Important bowl with Olowe of Ise figures, Nigeria, early 20th Century (pre-1938)
Yoruba people and culture
The Yoruba people are the numerically significant ethnic group in Nigeria. They are essentially located in the West, but are also present in Togo and Benin. The physical identification mark of the Yoruba culture is three scored lines on the cheeks, as we can see on their anthropomorphic figures.
Ife, in southwestern Nigeria, is the spiritual homeland and oldest town of the Yoruba people, beginning about A.D. 1000. Ife was an important cultural and artistic centre.
Magnificent pieces of art were created there, like heads in clay and in bronze, studied by Frank Willet (1925-2006).
Description of our object
This prestigious (precious) bowl originally contained kola nuts, used in a traditional gesture of hospitality, presented to guests and offered to deities during rituals.
Several elements of our sculpture (hairstyle, scarifications…) can be found in the works of Olowe of Ise, but it is not certain proof of his work.
Our subject is organized into three parts:
• First, we have the ovoid bowl with its decorative, zoomorphic top (two facing birds), held by two kneeling women with elevated hairstyles.
• Under the bowl, two pairs of caryatid women (two standing and two kneeling, with one holding her breasts).
• And finally, the pedestal is decorated with twelve faces (some of them with beards), and a male head laid down in the middle. The women holding the bowl display scarifications on their chest, neck and back. Caryatids refer to the important role of women in the Yoruba society.
Olowe of Ise (c. 1875-1938), Yoruba Artist
The sculptor Olowe of Ise was – and is still – a well-known artist in Yorubaland. Since the Second World War, his name is also known in the Occidental world of African Art collections. William Fagg was informed of the name of the artist by Philip A. Allison, a British forester stationed in Nigeria.
Olowe of Ise was born circa 1875 in Efon-Alaiye, a town in eastern Yorubaland, one of the most important centres of Yoruba sculpture. Olowe moved to Ise at a young age. He moved there to serve the Arinjale (king) as a court messenger. The details of his apprenticeship are not known but the features of his sculptures refer to the Yoruba artistic canon.
According to the Catalogue raisonné created by R. A. Walker in 1998, Olowe of Ise produced fifty-three sculptures.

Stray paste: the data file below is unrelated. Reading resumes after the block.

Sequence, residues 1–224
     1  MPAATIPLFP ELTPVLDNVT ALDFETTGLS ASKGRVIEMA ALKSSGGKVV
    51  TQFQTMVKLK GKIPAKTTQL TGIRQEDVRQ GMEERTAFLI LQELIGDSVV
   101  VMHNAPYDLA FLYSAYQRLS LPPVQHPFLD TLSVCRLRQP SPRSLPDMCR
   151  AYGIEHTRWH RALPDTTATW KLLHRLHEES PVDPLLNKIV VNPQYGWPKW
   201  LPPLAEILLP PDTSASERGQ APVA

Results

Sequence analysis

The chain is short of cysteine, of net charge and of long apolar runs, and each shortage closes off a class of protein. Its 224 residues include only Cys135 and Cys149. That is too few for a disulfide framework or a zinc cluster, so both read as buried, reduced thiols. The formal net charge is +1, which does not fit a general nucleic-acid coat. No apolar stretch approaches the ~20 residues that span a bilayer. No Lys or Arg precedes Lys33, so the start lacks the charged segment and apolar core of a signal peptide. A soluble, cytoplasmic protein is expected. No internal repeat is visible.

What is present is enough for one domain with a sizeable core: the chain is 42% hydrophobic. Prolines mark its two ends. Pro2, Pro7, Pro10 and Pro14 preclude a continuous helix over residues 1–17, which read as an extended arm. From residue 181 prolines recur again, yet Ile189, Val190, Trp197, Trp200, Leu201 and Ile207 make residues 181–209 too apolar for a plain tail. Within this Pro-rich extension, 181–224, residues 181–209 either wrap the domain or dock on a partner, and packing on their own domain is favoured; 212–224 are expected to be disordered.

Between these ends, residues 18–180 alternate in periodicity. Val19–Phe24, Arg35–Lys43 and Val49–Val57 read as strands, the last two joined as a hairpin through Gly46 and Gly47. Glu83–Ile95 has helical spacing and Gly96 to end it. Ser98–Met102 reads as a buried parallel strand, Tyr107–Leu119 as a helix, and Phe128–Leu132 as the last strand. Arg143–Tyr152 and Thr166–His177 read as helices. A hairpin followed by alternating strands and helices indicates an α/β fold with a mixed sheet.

Comparative study with the Olowe of Ise corpus
Roselyn A. Walker studied 45 objects in the Olowe of Ise corpus (based on 53 pieces).
Different kind of objects are represented: panels, veranda posts, bowl with figure(s), drums.
R. Walker identified stylistic elements of Olowe’s sculpture:
• Elongated, Angular forms carved in exceedingly high relief,
• Illusion of movement,
• Use of colourful pigments.
About the female figures:
• Elongated neck,
• Crested hair style,
• Dorsal scarification,
• The manner in which female kneels with her buttocks resting on her heels, and the zig zag shape of thighs, legs and feet.
• As regards the hair style, some of the female figures have the irun agogo style.
Our bowl with figures compared to
Olowe of Ise stylistic characteristics
Non-fixed human head in the « cage » of caryatids
Regarding the bowl with figure, number 27 of the corpus –Courtesy of the Walt Disney & Tishman African Art Collection – presents some similarities with our subject: a bearded human head is carved within the « cage » formed by the female caryatids.
Possibilities of moving the head in this place but not of moving it from this « cage ».
Irun agogo hairstyle and zig zag of thighs, legs and feet
After comparison between the corpus and our bowl, different elements demonstrate the hand of Olowe of Ise: the morphological patterns and standing position of the female figure; the non-fixed and trapped human head in the « cage » of caryatids.
Former collection Jo and Sol Levitt, New York
Editor in chief & Expert
Coryse Mwape Dolin
Art Historian, African Arts
Marie-Louis Bastin.- Introduction aux Arts d’Afrique Noire. Arnouville, Arts d’Afrique Noire, 1984. p. 179-195.
William Fagg.- One Hundred Notes on Nigerian Art from Christie’s Catalogues 1974-1990, Quaderni Poro 7, 1991.
Susan Kolman, Catherine Elliott.- Découverte d’un rare bol yourte d’Olowe d’iSe d’une grande importance, Tribal Arts 7 (summer) 2004 : 120-123.
Roslyn Adele Walker.- Olowe of Ise, « Anonymous » has a name, African Arts 1998 : 38-47, 90.
Roslyn A. Walker.- Olowe of Ise: A Yoruba Sculptor to Kings. Washington D.C., 1998.